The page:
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Research

Find out about the latest UK research looking at stomach cancer.

Research into the causes of stomach cancer

Genes

Some people may inherit gene changes that increase their risk of developing stomach cancer. Researchers are looking at people diagnosed with stomach cancer at a young age and people with a family history of stomach cancer to see if they have genetic changes.

Diet

There are differences in the number of people developing stomach cancer around the world. Some countries have higher rates than others. We know from research that diet is a factor in this.

Researchers continue to look at diet and cancer, and how to reduce our risk.

Research into treatment for stomach cancer

Chemotherapy

Trials are looking at different chemotherapy drugs, either on their own or with other treatments such as biological therapies.

Researchers are looking at chemotherapy:
  • before and after surgery for stomach cancer
  • after initial chemotherapy for cancer that can’t be removed with surgery (maintenance therapy)
  • for advanced stomach cancer

Researchers are also looking at blood samples to see how certain structures within cell change before, during and after chemotherapy. This will help them to understand more about how chemotherapy affects cancer.

Biological therapies

Biological therapies are drugs that change the way that cells work. They can boost the body’s immune system to fight off or kill cancer cells, or they can also block the signals that tell cells to grow.

Researchers are looking at giving them on their own or with chemotherapy. So far this is mainly for advanced stomach cancer.

Monoclonal antibodies recognise abnormal proteins on cancer cells. They can:
  • change how the cancer cell works
  • take chemotherapy or radiation into the cancer cell to kill it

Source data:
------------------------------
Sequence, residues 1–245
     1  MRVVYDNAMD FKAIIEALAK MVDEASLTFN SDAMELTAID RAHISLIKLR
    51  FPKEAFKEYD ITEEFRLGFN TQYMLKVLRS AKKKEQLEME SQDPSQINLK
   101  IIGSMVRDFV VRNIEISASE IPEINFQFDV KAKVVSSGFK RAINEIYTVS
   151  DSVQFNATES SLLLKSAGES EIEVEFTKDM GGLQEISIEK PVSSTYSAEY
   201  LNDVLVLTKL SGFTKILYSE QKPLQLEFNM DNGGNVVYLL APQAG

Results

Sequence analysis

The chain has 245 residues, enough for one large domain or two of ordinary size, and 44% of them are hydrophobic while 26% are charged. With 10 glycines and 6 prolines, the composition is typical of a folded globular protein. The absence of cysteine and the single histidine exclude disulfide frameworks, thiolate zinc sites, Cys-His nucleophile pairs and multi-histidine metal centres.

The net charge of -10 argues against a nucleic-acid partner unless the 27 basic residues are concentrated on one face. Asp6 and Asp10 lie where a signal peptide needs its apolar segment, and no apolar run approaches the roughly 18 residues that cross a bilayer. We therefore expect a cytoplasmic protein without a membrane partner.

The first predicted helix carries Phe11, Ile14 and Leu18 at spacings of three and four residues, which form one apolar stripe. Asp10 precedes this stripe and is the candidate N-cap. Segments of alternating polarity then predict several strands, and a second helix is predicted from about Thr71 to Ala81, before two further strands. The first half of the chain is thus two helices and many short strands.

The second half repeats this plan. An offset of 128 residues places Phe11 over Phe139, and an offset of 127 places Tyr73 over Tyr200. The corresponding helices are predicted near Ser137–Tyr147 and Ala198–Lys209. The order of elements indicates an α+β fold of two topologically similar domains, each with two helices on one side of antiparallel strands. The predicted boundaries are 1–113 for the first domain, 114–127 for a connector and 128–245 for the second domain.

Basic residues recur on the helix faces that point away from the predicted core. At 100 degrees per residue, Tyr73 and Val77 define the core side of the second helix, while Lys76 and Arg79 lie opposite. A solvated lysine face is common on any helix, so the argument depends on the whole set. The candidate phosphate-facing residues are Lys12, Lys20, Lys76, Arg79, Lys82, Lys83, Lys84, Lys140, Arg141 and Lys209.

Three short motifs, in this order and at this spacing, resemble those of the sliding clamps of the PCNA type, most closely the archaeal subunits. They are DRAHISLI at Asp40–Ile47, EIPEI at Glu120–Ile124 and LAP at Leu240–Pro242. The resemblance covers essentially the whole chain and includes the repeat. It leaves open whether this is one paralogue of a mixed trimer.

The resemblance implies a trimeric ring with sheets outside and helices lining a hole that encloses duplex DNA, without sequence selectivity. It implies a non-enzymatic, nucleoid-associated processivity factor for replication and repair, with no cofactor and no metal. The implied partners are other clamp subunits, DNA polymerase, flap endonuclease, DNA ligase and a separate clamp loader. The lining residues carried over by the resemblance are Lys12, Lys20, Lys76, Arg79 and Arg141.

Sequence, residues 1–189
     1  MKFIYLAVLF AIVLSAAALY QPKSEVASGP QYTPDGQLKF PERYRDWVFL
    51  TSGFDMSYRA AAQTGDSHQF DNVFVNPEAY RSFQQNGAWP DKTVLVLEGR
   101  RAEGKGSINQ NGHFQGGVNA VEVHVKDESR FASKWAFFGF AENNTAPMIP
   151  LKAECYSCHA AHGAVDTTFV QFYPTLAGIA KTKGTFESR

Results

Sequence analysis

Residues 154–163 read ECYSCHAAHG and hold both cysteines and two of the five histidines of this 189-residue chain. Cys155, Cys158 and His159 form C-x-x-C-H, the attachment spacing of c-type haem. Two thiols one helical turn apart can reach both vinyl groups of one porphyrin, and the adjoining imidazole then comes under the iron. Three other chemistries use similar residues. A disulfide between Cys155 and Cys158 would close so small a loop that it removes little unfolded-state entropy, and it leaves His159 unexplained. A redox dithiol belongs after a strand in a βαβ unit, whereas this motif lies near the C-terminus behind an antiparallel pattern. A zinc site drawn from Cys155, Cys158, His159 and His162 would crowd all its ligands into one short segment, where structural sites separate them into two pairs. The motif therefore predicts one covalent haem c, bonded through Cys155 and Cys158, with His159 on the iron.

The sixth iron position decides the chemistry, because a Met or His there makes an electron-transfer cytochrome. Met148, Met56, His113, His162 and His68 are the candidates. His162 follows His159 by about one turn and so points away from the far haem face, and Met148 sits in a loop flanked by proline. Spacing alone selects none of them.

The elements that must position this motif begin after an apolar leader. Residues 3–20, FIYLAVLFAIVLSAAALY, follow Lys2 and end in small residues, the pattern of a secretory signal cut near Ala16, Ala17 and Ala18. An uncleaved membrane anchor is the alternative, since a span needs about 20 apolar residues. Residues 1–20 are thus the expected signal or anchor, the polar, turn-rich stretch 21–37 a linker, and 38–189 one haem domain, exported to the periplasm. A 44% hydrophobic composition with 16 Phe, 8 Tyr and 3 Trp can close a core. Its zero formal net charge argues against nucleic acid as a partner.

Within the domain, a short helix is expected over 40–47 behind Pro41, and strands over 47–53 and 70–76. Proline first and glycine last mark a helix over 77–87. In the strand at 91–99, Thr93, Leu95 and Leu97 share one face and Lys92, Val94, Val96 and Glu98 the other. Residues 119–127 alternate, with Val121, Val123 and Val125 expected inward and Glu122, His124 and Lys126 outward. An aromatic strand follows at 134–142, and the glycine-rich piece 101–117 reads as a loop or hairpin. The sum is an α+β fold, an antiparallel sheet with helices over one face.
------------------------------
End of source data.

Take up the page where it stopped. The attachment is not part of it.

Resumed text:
• make it easier for the immune system to recognise and kill cancer cells

Types of monoclonal antibodies researchers are looking at for stomach cancer include pertuzumab and ramucirumab.

Immunotherapy uses your own immune system to kill cancer cells. Some monoclonal antibodies are also called immunotherapy. 

Another type of immunotherapy is T cell therapy. T cells are part of the immune system. Researchers are looking into making a change to T cells by adding a gene. They hope this will help the cells recognise and attack cancer cells that produce a particular protein.

Growth factor blocker drugs block proteins that make cells grow and multiply.

PARP inhibitors are drugs that block proteins that help cells repair their DNA.

Gene tests and tumour markers before treatment

Researchers are looking at genes in stomach cancers. They hope this will help them work out which treatment is best for each person.

They are also looking for tumour markers to see if they can help make decisions about treatment and how well it will work. 

Stopping cancer coming back

Research has shown that aspirin may can lower the risk of dying from cancer. It may can also lower the risk of some cancers spreading to other parts of the body.

A large Cancer Research UK trial is looking at whether aspirin can lower the risk of an early cancer coming back after treatment.

Last reviewed: 
10 Jul 2016
  • Gastric cancer
    The Lancet 2016 May 5
    Van Cutsem E and others

  • Cancer: Principles and practice of oncology (10 th edition)
    DeVita VT, Hellman S and Rosenberg SA
    Lippincott, Williams and Wilkins, 2015

  • Randomised double blind placebo controlled phase 3 trial of apatinib in patients with chemotherapy refractory advanced or metastatic adenocarcinoma of the stomach or gastrooesophageal junction
    Li J and others
    Journal of Clinical Oncology 2016 May 34 (13): 1448-54

  • Randomised, double blind phase 2 trial with prospective classification by ATM protein level to evaluate the efficacy and tolerability of olaparib plus paclitaxel in patients with recurrent or metastatic gastric cancer
    Bang YJ and others
    Journal of Clinical Oncology 2015 Nov 33 (33): 3858-65

  • Aspirin and cancer risk: a quantitative review to 2011
    Bosetti C and others
    Annals of Oncology 2012 Jun 23 (6): 1403-15

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